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ACRL 2019 President's Program

Discussion, information, and additional resources for the 2019 ACRL President's Program. Opinions expressed by blog authors are their own and do not express the views or opinions of their employers or of ACRL.

Fostering Inclusivity Through Improved Recruitment Practices

by Hallie Clawson on 2019-02-20T07:00:00-06:00 | Comments

This week's post comes from Edith Scarletto at Bowling Green State University. Learn more about our guest authors on our Featured Authors page

Recruitment committees, or search committees, serve several functions: reviewing applications, conducting interviews, giving tours, and summarizing information for administrators and departments to review before hiring new job candidates. The recruitment process, though, is fraught with ways in which implicit bias and traditional thinking can perpetuate the white, middle-aged, cis, female, abled majority in our profession. I am part of that majority, and I feel the imperative that my similarly privileged colleagues and I have to recognize that privilege and to decenter ourselves in order to improve our recruitment processes and the inclusive climate of our workplaces. I owe these concepts to the countless people of color who have the patience to write on this topic, a select group of which is cited here.

Accepting that whiteness should be decentered is the first step to moving toward recruiting from a place of inclusion and not just diversity (Brook, Ellenwood, & Lazzaro, 2015). Diversity can be defined as a variety of racial, ethnic, religious, gender, and binary/non-binary people who work in our libraries. Inclusion represents the culture of the organization and its willingness to acknowledge structural systems that affect positions of privilege or provide supportive space and open environments where discussions and examination of that privilege can take place. As Ferretti (2018), Bourg (2018), Drabinski (2018), and others have argued, libraries are not neutral spaces, and recruiting from a position of neutrality negates the experience of people of color and other marginalized people in our libraries and workplaces. Similarly, Hathcock (2015) reports the often-fruitless efforts of white women doing diversity work in libraries, due to a failure to critically examine whiteness itself.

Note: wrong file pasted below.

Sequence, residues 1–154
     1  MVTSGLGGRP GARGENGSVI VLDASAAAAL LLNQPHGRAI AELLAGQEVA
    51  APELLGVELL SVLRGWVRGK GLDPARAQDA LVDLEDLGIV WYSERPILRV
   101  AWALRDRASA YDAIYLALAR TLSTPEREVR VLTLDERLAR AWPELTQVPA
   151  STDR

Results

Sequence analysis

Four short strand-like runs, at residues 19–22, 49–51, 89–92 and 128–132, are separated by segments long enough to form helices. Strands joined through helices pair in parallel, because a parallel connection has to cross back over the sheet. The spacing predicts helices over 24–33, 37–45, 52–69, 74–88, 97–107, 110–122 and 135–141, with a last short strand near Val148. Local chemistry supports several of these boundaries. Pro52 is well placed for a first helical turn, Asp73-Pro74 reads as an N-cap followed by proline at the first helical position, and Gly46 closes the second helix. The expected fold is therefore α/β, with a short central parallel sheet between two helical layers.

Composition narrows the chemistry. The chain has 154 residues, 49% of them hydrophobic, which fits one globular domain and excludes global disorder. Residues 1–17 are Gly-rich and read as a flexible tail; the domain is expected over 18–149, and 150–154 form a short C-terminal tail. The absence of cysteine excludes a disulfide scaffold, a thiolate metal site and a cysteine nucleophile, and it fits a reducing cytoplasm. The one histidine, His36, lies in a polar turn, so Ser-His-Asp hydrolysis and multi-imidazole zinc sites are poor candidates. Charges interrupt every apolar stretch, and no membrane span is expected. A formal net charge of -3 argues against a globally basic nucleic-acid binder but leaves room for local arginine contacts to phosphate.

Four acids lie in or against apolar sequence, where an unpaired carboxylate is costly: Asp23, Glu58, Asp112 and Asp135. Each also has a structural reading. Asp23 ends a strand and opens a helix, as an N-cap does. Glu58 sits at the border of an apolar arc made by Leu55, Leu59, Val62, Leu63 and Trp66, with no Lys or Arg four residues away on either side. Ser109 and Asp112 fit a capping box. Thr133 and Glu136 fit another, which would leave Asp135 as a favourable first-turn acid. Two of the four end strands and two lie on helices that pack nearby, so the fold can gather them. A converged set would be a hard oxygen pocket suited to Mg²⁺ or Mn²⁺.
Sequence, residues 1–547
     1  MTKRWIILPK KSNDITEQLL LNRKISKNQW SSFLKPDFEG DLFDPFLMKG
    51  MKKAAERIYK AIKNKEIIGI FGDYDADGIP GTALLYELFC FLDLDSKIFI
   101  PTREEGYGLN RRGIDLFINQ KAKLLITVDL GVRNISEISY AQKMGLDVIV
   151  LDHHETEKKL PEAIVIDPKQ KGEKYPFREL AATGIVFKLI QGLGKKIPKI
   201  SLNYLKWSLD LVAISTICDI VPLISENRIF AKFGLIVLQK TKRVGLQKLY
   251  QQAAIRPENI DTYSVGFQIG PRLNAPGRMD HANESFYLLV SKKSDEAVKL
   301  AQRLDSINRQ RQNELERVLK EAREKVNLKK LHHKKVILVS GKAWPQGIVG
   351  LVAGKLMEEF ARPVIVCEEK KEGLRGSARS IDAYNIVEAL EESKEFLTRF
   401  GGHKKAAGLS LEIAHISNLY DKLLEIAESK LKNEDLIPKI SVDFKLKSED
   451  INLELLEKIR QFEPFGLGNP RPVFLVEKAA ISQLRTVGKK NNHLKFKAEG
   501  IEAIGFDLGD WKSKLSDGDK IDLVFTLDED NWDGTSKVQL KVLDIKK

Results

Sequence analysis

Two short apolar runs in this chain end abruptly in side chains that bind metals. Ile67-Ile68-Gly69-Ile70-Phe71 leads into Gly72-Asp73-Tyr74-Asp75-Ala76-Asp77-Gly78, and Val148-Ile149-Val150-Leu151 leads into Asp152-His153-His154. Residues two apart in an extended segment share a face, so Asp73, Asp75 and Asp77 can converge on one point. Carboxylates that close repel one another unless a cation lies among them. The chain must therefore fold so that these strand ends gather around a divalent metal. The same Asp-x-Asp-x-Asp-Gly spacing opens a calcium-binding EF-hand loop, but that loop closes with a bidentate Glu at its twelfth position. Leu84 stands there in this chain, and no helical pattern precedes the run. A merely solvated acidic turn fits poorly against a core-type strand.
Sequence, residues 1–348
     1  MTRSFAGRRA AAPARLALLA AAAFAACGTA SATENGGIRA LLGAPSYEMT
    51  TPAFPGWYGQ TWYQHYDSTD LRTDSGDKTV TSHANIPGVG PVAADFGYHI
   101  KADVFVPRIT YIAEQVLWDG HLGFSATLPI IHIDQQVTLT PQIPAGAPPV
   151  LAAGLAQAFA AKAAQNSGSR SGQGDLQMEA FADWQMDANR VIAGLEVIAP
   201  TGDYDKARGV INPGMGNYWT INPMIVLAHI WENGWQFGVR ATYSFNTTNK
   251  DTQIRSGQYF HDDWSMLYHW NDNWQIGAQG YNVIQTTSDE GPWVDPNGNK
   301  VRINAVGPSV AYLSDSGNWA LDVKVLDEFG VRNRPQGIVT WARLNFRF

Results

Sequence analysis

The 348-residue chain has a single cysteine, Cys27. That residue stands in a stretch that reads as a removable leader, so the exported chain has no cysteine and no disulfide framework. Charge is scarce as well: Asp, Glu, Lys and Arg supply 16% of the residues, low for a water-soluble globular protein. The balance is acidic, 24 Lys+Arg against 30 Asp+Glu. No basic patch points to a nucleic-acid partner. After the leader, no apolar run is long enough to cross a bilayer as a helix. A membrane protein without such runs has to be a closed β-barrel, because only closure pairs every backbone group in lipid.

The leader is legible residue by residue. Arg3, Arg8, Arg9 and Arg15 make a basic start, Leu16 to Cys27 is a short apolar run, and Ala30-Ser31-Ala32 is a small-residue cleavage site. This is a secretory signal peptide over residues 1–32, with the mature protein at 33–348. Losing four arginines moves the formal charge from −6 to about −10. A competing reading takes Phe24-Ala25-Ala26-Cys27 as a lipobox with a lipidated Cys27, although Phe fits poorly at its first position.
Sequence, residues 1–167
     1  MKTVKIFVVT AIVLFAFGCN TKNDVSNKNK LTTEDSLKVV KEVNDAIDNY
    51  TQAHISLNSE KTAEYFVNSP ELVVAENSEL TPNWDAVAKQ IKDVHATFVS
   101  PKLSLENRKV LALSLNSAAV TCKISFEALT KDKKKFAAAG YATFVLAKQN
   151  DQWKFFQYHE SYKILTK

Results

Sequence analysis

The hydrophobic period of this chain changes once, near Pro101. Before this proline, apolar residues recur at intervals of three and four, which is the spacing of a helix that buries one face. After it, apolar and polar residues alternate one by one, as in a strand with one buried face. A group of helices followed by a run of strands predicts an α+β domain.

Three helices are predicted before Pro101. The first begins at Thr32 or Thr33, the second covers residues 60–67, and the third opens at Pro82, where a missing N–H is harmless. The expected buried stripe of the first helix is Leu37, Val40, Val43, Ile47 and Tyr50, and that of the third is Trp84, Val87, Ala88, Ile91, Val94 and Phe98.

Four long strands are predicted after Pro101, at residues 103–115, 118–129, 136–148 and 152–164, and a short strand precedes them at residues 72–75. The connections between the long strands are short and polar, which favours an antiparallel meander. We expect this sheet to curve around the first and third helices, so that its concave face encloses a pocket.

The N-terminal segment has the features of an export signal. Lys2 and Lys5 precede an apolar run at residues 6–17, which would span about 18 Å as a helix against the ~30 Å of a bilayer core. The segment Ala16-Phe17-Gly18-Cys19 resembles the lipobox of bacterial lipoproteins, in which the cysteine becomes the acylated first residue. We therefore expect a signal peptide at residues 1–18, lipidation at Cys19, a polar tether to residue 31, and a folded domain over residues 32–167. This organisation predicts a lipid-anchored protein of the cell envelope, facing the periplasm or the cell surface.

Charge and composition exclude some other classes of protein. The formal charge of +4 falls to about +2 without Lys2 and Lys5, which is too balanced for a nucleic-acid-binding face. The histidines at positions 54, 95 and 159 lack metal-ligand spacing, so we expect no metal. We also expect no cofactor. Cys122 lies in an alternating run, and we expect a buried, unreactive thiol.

Implicit bias can manifest itself in the way that we, as white and/or cis women librarians, center ourselves in the posting locations for positions, the way that phone and in-person interview questions are constructed, and the ways we present our institutions to candidates. “Centering ourselves” here refers to implicit assumptions we make about the lived experience of a candidate. Are we working from the assumption that they are “like us”, have similar life experiences, are generally of the dominant gender, orientation, race, and ability in our profession? Any of these components could impact the inclusiveness of a search process. Do we assume white/cis/female, and then request that candidates discuss their approach to working with diverse populations? One way my organization attempted to address this was to change our previous interview question from “Describe your experience or work with diverse populations”, to “Describe your experience advocating with underrepresented groups or working with individuals from diverse populations”. The new question attempts to be inclusive of experiences of non-white, non-cis, or differently-abled librarians (Sensoy & DiAngelo, 2017). Are we aware of the accessibility of our campuses, our library spaces, and the hotel rooms and transportation we offer to candidates? Some of these “centerings” are less obvious than others, but the current state of our profession requires us to not only to check our biases, but also to question each stage and process we conduct throughout recruitment.

My 2018 ACRL Immersion experience included a design thinking process (Wiggins & McTighe, 2005), listing and considering the impact of our assumptions about students at each stage of instructional design. We need to approach our recruitment for staff in libraries with this mindset. We will always have institutional constraints for how we conduct searches, but we also have considerable flexibility in the way we work within them by questioning our presumptions:

  • What are the assumptions we make about the pool of candidates or about our expectations at each stage? Are we privileging the traditional path to graduate programs (and the MLS) when we look at experience and education in our review committees or position requirements?
  • Are those traditional measures the only way to achieve the outcomes that we expect for our successful library staff? Are there alternative paths and experiences that can illustrate the same depth of commitment and preparation for the profession?
  • How much and what kind of work experience is reasonable for an entry-level position? For instance, how does the expectation that candidates will work unpaid internships, regardless of the hours, favor economically- and otherwise-privileged candidates?